Weekly column published on women’s website Flamingo Pink, summarising highlights from the week’s news for busy 20-somethings, with a focus on uncovering neglected topics and explaining the hard issues.
In April the Bangladeshi Government ordered the destruction of one of the largest slums in Dhaka, leaving thousands homeless. Three court hearings haven’t resolved anything.
It’s nearly winter in Bangladesh and the capital, Dhaka, is already sinking under the combined weight of grey skies, sticky air, and 12 million inhabitants. The population here is growing fast, with nearly half a million new migrants arriving in the city each year hoping to escape rural poverty.
Article published in Exchange magazine’s October 2012 edition.
We were standing on the rooftop when the first rains of the Bangladeshi Summer came gushing down. Surrounded by piles of leaves, seeds and dirt which were fast becoming mud, we watched as months of careful planning washed away before our eyes.
It was not quite the start we’d hoped for. But after committing to turn Dhaka’s grey skyline green with gardens planted by Youth Against Hunger, we needed to find some silver lining in the black clouds hovering above us. Luckily for me, Bangladeshis have a knack for bringing hope to even the most difficult of situations.
Article published in global development practitioners’ website WhyDev.
On my first day helping out with Angikaar, I was greeted by the news that a fire had swept through a large portion of homes in Rayer Bazar. Surrounded by a bunch of over-excited children, I was struck by the significance of their story and the fact that this was the first I’d heard of it, despite living in a neighbouring suburb. The next day, a hundred words in Bangladesh’s English newspaper, The Daily Star, announced the fire with unsettling objectivity and little detail. For me, this moment captured the reason behind Angikaar and the potential behind sharing those children’s stories. It was an idea that resonated with the newspaper’s tagline that we would later go on to create: “Rising voices, building a better Bangladesh.”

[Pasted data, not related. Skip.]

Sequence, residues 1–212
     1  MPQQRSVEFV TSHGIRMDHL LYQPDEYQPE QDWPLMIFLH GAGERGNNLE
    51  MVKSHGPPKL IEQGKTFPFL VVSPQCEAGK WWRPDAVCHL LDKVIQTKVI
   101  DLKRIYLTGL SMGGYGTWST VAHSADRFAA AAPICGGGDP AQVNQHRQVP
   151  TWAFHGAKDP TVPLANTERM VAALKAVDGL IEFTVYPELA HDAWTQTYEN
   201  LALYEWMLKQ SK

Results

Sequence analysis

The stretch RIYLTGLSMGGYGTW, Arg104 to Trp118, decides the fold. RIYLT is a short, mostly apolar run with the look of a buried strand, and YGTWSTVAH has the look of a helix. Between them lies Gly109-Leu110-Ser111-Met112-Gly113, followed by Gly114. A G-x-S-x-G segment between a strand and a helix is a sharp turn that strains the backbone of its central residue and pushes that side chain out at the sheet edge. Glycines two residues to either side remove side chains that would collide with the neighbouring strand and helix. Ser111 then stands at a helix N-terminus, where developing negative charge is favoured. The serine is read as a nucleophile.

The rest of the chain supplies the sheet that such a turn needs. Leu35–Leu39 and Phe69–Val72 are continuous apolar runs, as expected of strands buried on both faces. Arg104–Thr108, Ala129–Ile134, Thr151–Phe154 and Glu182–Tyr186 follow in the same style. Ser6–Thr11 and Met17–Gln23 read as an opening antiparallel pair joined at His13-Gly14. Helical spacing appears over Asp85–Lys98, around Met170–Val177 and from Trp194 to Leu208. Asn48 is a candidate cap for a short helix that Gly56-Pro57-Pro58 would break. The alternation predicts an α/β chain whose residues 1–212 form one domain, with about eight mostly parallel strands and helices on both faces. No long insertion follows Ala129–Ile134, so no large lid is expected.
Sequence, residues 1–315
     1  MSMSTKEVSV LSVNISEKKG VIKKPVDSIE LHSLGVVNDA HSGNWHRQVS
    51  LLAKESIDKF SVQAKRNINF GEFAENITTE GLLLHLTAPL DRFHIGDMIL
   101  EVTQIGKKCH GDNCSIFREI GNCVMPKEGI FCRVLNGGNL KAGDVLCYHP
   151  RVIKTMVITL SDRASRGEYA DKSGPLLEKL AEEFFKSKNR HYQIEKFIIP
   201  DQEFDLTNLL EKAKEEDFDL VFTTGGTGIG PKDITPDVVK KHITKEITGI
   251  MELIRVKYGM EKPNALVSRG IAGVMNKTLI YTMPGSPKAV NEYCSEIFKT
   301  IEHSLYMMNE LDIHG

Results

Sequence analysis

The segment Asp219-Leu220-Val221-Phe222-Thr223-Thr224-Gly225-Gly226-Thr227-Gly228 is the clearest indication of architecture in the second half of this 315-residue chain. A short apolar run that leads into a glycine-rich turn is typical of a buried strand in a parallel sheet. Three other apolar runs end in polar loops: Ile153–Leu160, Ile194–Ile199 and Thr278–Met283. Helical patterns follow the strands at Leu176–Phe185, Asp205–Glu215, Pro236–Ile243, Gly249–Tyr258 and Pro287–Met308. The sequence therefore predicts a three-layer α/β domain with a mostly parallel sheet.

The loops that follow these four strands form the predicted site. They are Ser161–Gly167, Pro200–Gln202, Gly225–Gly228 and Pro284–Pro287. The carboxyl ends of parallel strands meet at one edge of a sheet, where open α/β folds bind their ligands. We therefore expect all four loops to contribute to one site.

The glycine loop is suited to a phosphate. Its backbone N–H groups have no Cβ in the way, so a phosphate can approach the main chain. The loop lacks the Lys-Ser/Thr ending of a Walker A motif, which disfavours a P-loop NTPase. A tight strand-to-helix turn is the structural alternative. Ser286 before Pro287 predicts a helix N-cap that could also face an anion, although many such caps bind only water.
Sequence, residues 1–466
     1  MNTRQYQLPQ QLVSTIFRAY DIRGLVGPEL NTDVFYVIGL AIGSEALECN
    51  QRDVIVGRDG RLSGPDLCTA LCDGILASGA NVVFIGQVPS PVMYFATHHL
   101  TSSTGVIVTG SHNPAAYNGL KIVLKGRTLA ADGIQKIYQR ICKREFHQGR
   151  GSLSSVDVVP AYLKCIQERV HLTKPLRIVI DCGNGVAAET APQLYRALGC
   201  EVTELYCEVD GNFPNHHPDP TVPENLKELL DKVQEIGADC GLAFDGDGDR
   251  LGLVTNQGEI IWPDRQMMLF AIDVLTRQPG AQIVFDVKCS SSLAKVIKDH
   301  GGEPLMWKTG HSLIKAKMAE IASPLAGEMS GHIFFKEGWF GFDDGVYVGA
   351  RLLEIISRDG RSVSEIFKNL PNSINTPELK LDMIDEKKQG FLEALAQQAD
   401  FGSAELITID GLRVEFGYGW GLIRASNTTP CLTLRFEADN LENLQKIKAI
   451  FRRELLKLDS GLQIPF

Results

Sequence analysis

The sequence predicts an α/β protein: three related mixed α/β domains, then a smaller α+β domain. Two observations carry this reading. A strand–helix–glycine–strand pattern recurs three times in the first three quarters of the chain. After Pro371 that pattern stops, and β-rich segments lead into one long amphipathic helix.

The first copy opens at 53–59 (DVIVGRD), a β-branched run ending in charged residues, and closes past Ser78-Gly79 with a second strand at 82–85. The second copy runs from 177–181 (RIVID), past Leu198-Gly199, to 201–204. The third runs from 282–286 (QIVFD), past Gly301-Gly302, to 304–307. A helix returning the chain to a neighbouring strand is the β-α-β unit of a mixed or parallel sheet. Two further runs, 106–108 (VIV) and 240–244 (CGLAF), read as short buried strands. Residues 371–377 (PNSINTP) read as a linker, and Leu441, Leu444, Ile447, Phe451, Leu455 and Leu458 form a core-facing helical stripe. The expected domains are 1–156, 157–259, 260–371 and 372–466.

Article published on Australian online publication Megaphone.
China is host to the world’s largest number of English learners, but the opportunities for speaking and learning remain inadequate, leaving many Chinese English users relying on a diet of Western pop culture to get by.
This paper examines Australian news coverage of Papua New Guinea (PNG), a country with which Australia shares geographic proximity and strong historical ties. Drawing on the results of a content analysis examining coverage of PNG by The Australian and The Sydney Morning Herald newspapers from January 1 until June 30, 2010, this paper aims to demonstrate that PNG is a neglected news region. This neglect – in terms of quality reporting – has produced a limited and fragmentary portrayal of PNG in the Australian media, where the majority of news stories about PNG tend to lack analysis and contextual background. The key methodologies used in this paper are content analysis and in-depth interviews with a selected number of Australian journalists currently or previously based in PNG. The paper hopes to provide insight into a much broader examination of the changing trends in international news coverage of developing countries, particularly in the Asia-Pacific.
Article published for Chinese arts and culture publication In Hangzhou.
…In the heart of downtown Xiaoshan lies Xin Qiao, an open-air street food market. Between the scooters and below the lanterns lies an array of food trolleys selling delicious fresh meats, fruit and vegetables. To an outsider, it might look like a dingy, badly-lit alleyway. But venture further into the barbecue smoke for an authentic and unique dining experience.
It was as if we were floating among the stars. They sparkled above me in the sky, and gleamed alongside me in the deep black water. All we could hear was the ringing siren of cicadas, and the only hint of earthliness was the occasional campfire light flickering through the jungle. It was 4am, and we were travelling by dug-out canoe down the mighty Sepik River of Papua New Guinea. I had to pinch myself to be sure that it was real.